7. Blog to get your news quickly —and to make news yourself. If you're so inclined, here's how to set up your own blog.  Ready?  Visit and get started.

  8. Write to the media (often!) to break the endless loop of the radical Republican's talking points.

  9. Join the WiFi community as we gain greater freedom to connect.

  10. If you can't donate time, donate money.


  You're Not Me

Many of us are feeling despair over the recent presidential election.  We see the danger of a money-before-people ideology.  Yet there are millions of other people who aren't worried in the least.  Many people are completely unaware of or uninterested in anything political.  They like shortcuts.  They simply want to know who's the "winning team" and then join the popular group.  There are also millions of others who will fight tooth and nail against progressives because they are convinced of some higher reward in exchange for their loyalty.  The radicals bought that loyalty with divisive words not deeds.  Trusting people were deceived for votes.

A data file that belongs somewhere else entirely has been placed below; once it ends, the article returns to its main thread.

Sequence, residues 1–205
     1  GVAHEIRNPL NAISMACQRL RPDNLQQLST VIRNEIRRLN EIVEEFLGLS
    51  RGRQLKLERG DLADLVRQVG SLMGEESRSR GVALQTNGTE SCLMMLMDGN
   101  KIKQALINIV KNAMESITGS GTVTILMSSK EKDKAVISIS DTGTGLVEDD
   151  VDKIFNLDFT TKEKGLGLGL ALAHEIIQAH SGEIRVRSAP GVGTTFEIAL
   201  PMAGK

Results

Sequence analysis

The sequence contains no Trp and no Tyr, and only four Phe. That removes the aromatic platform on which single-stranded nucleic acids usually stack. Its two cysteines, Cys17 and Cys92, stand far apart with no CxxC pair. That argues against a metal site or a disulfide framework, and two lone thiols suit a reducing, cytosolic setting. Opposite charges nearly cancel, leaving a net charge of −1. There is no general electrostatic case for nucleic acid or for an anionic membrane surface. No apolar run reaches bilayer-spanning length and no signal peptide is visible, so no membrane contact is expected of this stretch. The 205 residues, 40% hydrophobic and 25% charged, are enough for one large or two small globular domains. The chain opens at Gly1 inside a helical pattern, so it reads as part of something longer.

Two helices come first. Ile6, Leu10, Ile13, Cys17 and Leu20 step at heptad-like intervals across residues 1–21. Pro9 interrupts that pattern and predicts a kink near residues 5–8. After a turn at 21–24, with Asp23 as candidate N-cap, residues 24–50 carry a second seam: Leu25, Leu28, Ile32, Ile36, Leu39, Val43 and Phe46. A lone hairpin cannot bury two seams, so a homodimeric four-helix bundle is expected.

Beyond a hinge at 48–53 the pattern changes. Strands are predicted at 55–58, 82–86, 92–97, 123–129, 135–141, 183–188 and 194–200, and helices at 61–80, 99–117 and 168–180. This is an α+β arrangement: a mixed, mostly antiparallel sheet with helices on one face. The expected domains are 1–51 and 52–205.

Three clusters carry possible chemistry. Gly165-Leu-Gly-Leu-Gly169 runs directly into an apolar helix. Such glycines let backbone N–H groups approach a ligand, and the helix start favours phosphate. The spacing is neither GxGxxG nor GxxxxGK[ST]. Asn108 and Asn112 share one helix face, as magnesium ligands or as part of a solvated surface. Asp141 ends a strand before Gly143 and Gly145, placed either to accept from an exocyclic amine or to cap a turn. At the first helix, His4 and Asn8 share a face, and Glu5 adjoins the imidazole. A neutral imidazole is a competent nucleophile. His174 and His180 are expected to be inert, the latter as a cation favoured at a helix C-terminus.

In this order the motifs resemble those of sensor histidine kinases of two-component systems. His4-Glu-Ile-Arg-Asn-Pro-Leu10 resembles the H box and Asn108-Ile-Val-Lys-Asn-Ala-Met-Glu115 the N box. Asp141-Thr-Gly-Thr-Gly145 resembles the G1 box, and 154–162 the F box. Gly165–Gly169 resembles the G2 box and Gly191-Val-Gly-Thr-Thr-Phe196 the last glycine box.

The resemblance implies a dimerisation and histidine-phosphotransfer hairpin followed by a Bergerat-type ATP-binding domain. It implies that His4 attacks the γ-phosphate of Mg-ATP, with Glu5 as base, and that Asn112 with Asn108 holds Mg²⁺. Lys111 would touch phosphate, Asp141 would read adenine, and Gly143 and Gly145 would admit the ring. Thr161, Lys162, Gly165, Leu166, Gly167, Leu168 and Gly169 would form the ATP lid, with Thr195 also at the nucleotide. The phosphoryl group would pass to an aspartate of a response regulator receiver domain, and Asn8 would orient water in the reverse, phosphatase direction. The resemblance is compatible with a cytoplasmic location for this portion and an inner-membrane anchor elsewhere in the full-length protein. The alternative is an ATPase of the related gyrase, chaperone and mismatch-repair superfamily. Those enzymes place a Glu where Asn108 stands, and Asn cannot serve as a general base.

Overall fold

Our intentions are honorable, however, but how do we get through?  And do we even try in some circumstances?  Good questions.

To be understood, start with understanding your audience.  Who is this person/group/audience and what do they care about?  The more you know, the better.  Prompt for more information or make assumptions about the dominant demographic that will hear or see your presentation.  You need this information so that you can choose the appropriate value frame and keywords that appeal. Here's quick advice for dealing with three group types: